Expression of human ACE2 in cardiomyocytes promotes COVID-19 and transcriptional cardiac remodeling and viral replication in lungs of K18-hACE2 transgenic mice

Javier Duran (Heidelberg)1, J. Backs (Heidelberg)1

1Universitätsklinikum Heidelberg Innere Medizin VIII, Institut für Experimentelle Kardiologie Heidelberg, Deutschland


Background: SARS-CoV-2's multiorgan involvement sparks debate on its impact on the hearts of COVID-19 patients. K18 transgenic mice express human ACE2 in epithelial cells (K18-hACE2-Tg) but not in cardiomyocytes. We established a mouse model introducing human ACE2 expression in cardiomyocytes to investigate SARS-CoV-2's potential heart infection, replication, and effects on cardiac function.

Methods: 8-week-old K18-hACE2-Tg mice, male and female, were infected with AAV9-hACE2 (AAV9-hACE2/K18-hACE2-Tg) or AAV9-YFP (AAV9-YFP/K18-hACE2-Tg) as a control. After three weeks, mice were intranasally exposed to SARS-CoV-2. We assessed virus replication, disease progression, cardiac function, immune cell filtration, and gene expression. Mice were sacrificed at 5 days post-infection (dpi). Additionally, cardiomyocytes in culture were transduced with AAV6-Nucleocapsid or AAV6-YFP.

Results: K18-hACE2-Tg mice exposed to SARS-CoV-2 showed increased viral lung but no heart replication. COVID-19 symptoms worsened at 3-4 dpi. AAV9-hACE2/K18-hACE2-Tg mice exhibited exacerbated symptoms, while both control groups maintained cardiac function without dysfunction throughout disease progression. RNA-seq data revealed modest heart SARS-CoV-2 RNA increase but substantial lung increase. Gene set enrichment analysis showed heart upregulation of TNFα, NFκB, and apoptosis, and downregulation of IFNα/γ signaling. Lung analysis indicated similar heart upregulation, along with hypoxia and TGFβ pathways and IFNα/γ downregulation. Interestingly, hearts did not show immune filtration changes, while AAV9-hACE2/K18-hACE2-Tg lungs showed reduced NK and CD8+ cell filtration, potentially explaining increased lung Sars-Cov-2 infection/replication. In cultured cardiomyocytes, AAV6-Nucleocapsid reduced interferon-related gene mRNA levels.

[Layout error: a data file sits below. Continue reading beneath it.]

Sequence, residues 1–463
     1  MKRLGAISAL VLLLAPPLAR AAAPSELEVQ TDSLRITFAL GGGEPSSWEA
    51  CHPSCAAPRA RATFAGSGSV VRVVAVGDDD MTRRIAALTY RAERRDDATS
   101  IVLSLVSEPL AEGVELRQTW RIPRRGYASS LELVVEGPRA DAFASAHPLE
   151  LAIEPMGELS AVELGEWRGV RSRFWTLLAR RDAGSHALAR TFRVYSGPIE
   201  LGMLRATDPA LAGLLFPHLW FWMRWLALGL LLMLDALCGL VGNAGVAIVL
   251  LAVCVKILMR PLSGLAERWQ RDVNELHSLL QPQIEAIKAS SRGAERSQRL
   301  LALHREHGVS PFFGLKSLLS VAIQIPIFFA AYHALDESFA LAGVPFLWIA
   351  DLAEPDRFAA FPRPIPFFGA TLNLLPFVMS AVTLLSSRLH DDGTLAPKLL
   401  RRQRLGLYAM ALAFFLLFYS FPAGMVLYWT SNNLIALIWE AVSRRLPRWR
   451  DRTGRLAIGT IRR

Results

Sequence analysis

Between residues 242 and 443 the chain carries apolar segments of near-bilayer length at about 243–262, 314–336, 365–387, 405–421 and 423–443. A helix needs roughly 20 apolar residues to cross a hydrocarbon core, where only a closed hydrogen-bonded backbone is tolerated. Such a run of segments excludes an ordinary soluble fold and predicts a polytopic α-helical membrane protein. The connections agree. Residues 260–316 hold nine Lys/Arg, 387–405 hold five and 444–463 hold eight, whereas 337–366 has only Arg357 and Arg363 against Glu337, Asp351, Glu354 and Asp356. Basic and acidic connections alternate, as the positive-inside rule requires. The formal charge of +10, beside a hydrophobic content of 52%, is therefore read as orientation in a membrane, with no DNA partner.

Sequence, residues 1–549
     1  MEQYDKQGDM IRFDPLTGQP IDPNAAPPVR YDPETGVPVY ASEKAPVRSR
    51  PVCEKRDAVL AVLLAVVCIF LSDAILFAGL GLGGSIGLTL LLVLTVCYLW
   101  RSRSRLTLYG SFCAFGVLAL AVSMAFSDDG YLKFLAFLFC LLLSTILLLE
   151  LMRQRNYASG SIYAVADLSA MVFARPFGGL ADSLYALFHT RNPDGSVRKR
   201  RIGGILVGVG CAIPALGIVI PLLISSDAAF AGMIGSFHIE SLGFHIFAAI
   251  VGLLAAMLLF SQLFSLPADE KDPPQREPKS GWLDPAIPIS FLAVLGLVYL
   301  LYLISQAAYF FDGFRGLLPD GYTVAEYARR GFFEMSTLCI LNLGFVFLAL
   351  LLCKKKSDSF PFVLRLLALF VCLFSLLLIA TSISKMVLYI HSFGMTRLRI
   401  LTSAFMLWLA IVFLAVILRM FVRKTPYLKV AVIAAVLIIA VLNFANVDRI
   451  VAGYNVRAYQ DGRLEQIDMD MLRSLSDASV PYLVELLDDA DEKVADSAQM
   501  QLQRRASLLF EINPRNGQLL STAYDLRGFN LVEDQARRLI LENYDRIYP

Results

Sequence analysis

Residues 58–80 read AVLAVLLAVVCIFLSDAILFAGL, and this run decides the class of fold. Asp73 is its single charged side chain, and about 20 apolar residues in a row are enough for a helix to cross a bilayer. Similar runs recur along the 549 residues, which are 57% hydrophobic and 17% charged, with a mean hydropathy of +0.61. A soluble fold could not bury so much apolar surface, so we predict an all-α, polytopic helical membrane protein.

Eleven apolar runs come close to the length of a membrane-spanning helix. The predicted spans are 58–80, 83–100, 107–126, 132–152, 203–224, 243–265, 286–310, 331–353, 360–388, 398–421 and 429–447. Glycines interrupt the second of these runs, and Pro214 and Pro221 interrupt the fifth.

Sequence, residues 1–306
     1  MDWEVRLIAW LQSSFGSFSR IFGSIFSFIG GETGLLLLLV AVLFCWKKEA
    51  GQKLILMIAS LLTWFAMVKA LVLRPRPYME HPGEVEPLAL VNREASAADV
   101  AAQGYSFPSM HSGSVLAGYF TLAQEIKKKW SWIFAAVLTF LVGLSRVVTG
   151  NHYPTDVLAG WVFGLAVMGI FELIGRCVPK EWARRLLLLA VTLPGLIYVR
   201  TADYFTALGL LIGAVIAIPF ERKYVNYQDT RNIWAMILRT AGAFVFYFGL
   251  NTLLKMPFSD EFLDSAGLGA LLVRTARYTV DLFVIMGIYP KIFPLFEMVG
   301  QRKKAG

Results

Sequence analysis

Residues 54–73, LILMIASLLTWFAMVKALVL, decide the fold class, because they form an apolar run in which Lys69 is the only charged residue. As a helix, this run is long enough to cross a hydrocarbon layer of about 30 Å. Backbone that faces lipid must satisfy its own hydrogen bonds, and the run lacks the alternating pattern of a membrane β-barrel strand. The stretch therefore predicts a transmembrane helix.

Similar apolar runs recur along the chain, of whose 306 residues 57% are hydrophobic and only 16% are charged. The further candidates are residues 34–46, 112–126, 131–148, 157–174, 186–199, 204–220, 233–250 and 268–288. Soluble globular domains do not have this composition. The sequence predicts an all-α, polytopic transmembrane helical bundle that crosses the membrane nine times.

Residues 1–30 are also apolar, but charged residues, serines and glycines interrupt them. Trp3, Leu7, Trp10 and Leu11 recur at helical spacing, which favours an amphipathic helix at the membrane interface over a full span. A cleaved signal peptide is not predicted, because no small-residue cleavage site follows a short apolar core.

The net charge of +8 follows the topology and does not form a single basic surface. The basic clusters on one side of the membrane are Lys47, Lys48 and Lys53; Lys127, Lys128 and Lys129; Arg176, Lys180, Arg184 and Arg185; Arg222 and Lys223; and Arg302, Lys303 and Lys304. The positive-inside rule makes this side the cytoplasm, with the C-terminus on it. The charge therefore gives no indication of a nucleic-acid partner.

Conclusion: The presence of hACE2 in the heart permits SARS-CoV-2 access to cardiomyocytes without viral replication. Detection of SARS-CoV-2 in the heart correlates with advanced disease progression but no cardiac dysfunction, unveiling heart-lung crosstalk triggered by viral sensing in cardiomyocytes. Further study is required to understand cardiomyocyte mechanism/roles in lung and systemic immune responses to SARS-CoV-2 infection.

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